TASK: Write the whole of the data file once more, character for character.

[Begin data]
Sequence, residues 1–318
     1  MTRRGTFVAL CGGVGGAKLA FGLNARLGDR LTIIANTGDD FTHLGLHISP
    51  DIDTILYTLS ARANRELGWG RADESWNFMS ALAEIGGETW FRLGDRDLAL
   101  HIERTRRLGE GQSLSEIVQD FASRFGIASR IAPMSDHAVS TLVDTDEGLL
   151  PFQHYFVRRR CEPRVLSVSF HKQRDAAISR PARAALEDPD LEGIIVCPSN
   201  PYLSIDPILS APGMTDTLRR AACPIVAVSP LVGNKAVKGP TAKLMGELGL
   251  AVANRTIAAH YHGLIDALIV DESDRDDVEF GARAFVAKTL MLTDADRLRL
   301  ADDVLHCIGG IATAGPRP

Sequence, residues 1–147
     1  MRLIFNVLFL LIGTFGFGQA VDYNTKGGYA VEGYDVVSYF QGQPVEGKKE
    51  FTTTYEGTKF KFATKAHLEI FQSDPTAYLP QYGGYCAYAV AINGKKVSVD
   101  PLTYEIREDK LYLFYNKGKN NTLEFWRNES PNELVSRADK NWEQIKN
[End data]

Sequence, residues 1–318
     1  MTRRGTFVAL CGGVGGAKLA FGLNARLGDR LTIIANTGDD FTHLGLHISP
    51  DIDTILYTLS ARANRELGWG RADESWNFMS ALAEIGGETW FRLGDRDLAL
   101  HIERTRRLGE GQSLSEIVQD FASRFGIASR IAPMSDHAVS TLVDTDEGLL
   151  PFQHYFVRRR CEPRVLSVSF HKQRDAAISR PARAALEDPD LEGIIVCPSN
   201  PYLSIDPILS APGMTDTLRR AACPIVAVSP LVGNKAVKGP TAKLMGELGL
   251  AVANRTIAAH YHGLIDALIV DESDRDDVEF GARAFVAKTL MLTDADRLRL
   301  ADDVLHCIGG IATAGPRP

Sequence, residues 1–147
     1  MRLIFNVLFL LIGTFGFGQA VDYNTKGGYA VEGYDVVSYF QGQPVEGKKE
    51  FTTTYEGTKF KFATKAHLEI FQSDPTAYLP QYGGYCAYAV AINGKKVSVD
   101  PLTYEIREDK LYLFYNKGKN NTLEFWRNES PNELVSRADK NWEQIKN